What you asserted is that this is "All because of a rumor started by Philip Briggs".
That assertion is demonstrably untrue.
For one, I did not 'start' anything, I was publicising information that had already been disseminated by the FCO and various tour operators, who were in turn notified of the pending change in ruling by government sources.
Secondly, my original post stated clearly that while I was aware of a possible change in ruling, no official announcement had been made, and elements within the industry were trying to stall it. In other words, I simply passed on the facts as they had been reported to me, and made it quite clear that it was all a little speculative and uncertain at this point.
If you insist on standing by your assertion, I guess that either means you are trolling, in which case more fool me for feeding you, or else you carry some personal bias against myself or Bradt that means you'd rather deal in unfounded accusations than facts.
Either way, I stand by my actions, and I reckon that anybody but a blinkered idiot with a point to prove would regard them to be perfectly professional and responsible under the circumstances.
End of discussion so far as I'm concerned.
Apr 6, 2012 5:03 PM
8I called the Ethiopian Embassy in Washington, D.C. last week and was told that the VOA is indeed being canceled.
The woman at the embassy was so helpful that she told me to send in the application and she guided it through the consular section in one day. I received it today. $70 for a 2 year multi entry visa for US citizens applying in the US. Legal residents/workers applying in the US can obtain a 3 month multi entry visa. 30 day entry period for each type of visa.
But like others have said, just because they are delaying it for now does not mean the VOA will be available in the future. I'm glad to have it even though it cost almost 5x as much as the VOA (including postage) because I won't arrive in Ethiopia until December after 7 months in Europe and the Middle East.
Apr 8, 2012 6:02 AM
9To Tout buster,
Fortune weekly English newspaper post on April 1, 2012 regarding visa on arrival
The Fine Line
There was a bit of bewilderment last week among diplomats of western embassies in Addis Ababa, gossip learnt. Unable to determine where it came from they were caught by surprise by the decision the administration made not to issue entry visas upon arrival at bole international airport, claims gossip.
Ethiopia has laws that allow foreign nationals from about 38 countries to have visas issued at the air port here, should they not want to visit Ethiopian embassies abroad. So, many took advantage of this opportunity in getting aboard a plane and arriving here, but without verification of their backgrounds. Well, the fee they pay is less expensive than what would have paid they visited Ethiopian embassies abroad, gossip revealed.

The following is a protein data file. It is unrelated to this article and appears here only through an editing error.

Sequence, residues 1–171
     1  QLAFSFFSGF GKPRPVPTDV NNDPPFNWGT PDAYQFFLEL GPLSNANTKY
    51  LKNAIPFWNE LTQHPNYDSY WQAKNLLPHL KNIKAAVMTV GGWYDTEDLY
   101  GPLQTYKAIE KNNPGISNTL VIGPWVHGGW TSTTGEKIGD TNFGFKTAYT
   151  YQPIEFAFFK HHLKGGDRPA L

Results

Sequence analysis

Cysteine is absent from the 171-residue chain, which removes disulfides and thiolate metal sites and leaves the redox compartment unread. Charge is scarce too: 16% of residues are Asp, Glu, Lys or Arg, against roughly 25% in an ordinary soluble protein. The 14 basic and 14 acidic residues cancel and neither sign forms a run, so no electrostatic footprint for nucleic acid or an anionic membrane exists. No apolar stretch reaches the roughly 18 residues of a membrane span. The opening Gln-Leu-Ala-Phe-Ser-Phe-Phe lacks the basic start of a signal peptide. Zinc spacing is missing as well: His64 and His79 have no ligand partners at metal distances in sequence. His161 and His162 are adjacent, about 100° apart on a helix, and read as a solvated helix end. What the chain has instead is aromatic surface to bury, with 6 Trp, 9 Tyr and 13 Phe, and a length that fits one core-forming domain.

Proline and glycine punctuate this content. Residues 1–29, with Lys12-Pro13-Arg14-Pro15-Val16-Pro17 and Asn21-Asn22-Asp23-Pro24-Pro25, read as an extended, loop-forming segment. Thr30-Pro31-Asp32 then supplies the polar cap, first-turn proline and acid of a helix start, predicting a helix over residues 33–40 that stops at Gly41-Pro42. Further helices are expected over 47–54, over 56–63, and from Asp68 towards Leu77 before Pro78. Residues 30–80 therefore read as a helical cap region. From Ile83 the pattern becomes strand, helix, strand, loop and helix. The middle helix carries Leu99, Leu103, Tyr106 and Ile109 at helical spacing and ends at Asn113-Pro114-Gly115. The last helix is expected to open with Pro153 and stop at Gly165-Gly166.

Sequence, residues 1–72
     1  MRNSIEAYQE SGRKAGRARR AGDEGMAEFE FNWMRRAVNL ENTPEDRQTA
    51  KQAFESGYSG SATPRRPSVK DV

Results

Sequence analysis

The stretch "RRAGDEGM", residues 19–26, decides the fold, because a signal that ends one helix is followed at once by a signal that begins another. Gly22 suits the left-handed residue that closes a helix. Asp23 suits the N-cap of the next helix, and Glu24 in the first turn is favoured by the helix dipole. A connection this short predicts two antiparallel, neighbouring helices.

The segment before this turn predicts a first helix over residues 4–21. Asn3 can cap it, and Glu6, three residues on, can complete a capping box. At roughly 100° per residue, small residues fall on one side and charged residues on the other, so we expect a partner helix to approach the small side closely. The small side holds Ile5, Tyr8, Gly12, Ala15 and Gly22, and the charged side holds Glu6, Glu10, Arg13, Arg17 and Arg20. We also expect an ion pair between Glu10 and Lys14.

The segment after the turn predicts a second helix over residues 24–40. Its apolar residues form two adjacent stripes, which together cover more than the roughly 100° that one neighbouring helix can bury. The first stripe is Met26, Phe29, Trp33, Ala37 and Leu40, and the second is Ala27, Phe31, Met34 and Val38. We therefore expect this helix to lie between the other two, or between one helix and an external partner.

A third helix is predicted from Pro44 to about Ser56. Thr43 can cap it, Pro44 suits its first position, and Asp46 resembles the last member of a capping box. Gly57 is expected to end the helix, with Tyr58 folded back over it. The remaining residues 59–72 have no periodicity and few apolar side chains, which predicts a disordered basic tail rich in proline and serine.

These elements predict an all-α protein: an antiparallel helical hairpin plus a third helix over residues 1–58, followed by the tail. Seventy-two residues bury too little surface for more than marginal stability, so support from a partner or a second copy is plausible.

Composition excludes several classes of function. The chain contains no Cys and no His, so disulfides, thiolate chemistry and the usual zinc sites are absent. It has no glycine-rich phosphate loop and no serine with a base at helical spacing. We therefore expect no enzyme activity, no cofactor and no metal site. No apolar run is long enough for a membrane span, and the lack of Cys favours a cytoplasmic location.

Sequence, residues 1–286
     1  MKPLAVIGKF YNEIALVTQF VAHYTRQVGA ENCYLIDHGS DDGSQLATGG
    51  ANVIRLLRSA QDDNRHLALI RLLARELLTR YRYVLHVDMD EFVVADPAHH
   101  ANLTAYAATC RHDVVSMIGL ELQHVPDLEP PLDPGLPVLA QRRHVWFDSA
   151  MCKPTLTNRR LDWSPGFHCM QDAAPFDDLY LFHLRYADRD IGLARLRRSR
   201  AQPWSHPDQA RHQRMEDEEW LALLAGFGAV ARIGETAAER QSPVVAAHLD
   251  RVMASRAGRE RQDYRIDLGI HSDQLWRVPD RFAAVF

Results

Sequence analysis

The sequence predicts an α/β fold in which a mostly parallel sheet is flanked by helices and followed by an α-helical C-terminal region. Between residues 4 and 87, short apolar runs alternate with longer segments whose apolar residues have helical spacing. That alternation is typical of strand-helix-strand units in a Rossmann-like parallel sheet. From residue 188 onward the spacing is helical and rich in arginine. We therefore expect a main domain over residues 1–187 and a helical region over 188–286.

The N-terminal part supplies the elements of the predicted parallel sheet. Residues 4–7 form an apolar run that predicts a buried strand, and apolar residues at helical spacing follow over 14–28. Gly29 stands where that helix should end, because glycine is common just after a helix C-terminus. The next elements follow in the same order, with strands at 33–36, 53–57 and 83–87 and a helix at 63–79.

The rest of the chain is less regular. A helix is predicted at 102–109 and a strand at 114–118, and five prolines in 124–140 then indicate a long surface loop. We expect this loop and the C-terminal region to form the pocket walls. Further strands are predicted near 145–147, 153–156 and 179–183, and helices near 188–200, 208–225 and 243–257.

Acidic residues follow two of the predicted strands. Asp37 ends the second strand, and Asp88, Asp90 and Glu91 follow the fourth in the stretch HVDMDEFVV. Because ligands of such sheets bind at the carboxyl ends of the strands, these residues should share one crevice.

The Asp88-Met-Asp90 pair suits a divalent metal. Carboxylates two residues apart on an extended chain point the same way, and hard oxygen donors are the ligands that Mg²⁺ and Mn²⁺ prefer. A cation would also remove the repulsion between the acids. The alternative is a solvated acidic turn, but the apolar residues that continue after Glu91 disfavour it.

Nonetheless, this scheme was designed to encourage businesspeople and tourists to come into the country with less hassle. More so is true for visitors coming from countries where there is no presence of Ethiopian diplomatic mission.
Alas, not many of the diplomats from many of the countries eligible for the scheme were prepared when immigration authorities issued directives, changing the course from the blanket issuance of visas upon arrival. The new directive, authored by an official from the immigration office, rather lists a whole sort of criteria on when and how visas can be issued from office other than diplomatic missions.
Many in diplomatic corps in the capital considered this directive, which tried to delegate the job of applying for visas on behalf of visitors to overseas offices of the national carrier and ticket agents, as good as denial, claims gossip.
Thus many of them created so much noise against the directive, which was originally meant to be enforced, beginning this week, according to gossip.
The decision to change the policy in issuing visas came from the Prime Minister’s Office, many of the diplomats suspect, for the instruction was reportedly new both to the immigration authorities and those at foreign office, gossip claims.
Perhaps the intention was not to ban issuing visas upon arrival, altogether, gossip sees. Prompted by security concerns that many visitors whose backgrounds were not properly checked were entering the country, those at the Prime Minister’s office were keen to see a mechanism in place that verified the identity of visitors before their arrival here, or the existence of someone who could provide a guarantee on their behalf, gossip claims.
Not surprisingly, though, such could be a precaution lost in translation by the person who wrote the directive that sent diplomats into a fury, according to gossip.
Ironically, it is a kind of directive that was proven to have a short lifespan, gossip learnt. As soon as it was issued, authorities put it on hold for an undisclosed period of time, hence restoring calms within the diplomatic community, gossip observed.
Although foreign visitors will continue to obtain their entry visas upon arrival at bole, diplomats from western embassies remain uncomfortable with the whole idea of their nationals having difficulty getting visas after it having been easy, gossip says. They are alarmed that it may only be a matter of time before the directive suddenly resurfaces, just as it was an unpleasant surprise for it to come last week, claims gossip.
Apr 8, 2012 10:14 AM